Nearly 40 percent of Israelis are smokers by the time they finish their compulsory army service, according to a new study.
That is twice as high as the overall national rate and dramatically higher than among American soldiers, according to the study published in the journal Nicotine & Tobacco Research.
Researchers at Tel Aviv University, the Hebrew University of Jerusalem and the University of Haifa conducted the study in cooperation with the Israel Defense Forces’ Medical Corps. Data came from nearly 30,000 soldiers between 1987 and 2011.
About 37 percent of Israeli soldiers are smokers when they are discharged, compared to 26 percent of new recruits, the study found–a 42 percent increase over the course of service. The researchers behind the study called for the creation of an anti-smoking body in the Israeli army to address the problem.
“The use of tobacco harms IDF soldiers and security in general,” the lead author, Dr. Leah Rosen of Tel Aviv University, said in a statement. “The government and the Ministry of Health need to cooperate with the IDF in order to reduce the number of soldiers who start smoking, to encourage soldiers to quit smoking, and to protect non-smokers from exposure to cigarette smoke.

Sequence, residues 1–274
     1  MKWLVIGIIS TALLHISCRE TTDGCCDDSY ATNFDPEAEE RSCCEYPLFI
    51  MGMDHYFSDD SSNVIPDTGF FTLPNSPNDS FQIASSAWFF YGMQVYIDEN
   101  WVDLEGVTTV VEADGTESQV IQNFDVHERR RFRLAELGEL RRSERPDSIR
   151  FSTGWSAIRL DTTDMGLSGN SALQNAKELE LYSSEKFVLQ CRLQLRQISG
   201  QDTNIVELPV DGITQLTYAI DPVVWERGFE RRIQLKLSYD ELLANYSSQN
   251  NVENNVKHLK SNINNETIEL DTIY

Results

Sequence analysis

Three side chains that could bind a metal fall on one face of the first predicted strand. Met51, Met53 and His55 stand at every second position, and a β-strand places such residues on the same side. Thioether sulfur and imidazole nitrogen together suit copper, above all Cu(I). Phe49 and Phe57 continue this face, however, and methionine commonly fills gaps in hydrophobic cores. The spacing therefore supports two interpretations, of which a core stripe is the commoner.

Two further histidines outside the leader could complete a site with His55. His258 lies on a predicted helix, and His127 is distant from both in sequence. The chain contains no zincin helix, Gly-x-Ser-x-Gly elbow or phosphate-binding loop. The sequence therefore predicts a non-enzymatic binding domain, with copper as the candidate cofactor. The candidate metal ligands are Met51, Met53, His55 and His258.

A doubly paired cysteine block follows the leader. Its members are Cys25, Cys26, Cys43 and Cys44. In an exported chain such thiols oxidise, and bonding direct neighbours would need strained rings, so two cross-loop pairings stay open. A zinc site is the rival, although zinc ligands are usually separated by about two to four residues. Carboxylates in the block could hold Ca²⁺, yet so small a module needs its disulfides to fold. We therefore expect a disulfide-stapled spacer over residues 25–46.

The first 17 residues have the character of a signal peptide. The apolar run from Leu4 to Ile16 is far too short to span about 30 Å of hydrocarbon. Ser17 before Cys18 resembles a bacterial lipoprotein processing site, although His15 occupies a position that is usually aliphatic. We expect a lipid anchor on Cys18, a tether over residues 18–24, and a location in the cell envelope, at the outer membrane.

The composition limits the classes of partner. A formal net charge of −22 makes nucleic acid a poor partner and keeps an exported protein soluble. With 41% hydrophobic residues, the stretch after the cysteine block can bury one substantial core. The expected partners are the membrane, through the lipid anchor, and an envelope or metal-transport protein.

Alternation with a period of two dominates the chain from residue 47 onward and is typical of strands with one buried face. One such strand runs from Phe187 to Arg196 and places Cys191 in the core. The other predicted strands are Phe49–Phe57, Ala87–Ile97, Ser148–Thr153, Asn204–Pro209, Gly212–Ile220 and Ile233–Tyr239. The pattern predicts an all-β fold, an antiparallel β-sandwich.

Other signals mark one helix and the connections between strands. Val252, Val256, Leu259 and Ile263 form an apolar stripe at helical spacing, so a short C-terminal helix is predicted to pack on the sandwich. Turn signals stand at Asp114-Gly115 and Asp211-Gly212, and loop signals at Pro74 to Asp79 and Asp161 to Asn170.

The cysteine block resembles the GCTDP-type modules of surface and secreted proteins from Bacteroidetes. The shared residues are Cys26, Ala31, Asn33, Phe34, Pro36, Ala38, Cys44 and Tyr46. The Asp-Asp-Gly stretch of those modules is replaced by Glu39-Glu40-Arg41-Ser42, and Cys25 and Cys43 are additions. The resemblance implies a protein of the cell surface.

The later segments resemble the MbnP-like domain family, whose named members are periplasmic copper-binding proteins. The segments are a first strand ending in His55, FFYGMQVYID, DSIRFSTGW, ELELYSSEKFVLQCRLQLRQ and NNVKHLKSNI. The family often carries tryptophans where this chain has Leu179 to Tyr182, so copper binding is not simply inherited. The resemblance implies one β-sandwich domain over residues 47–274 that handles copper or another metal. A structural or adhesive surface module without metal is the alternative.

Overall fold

“We should take an example from the United States, which conducted extensive changes to the smoking policy in its military to protect its soldiers and to improve the readiness and performance of its combat units.”
Army service is mandatory for most Israeli Jews and a central part of the national identity. Smoking cigarettes to cope with the boredom and stress is a well-known part of the experience. (JTA)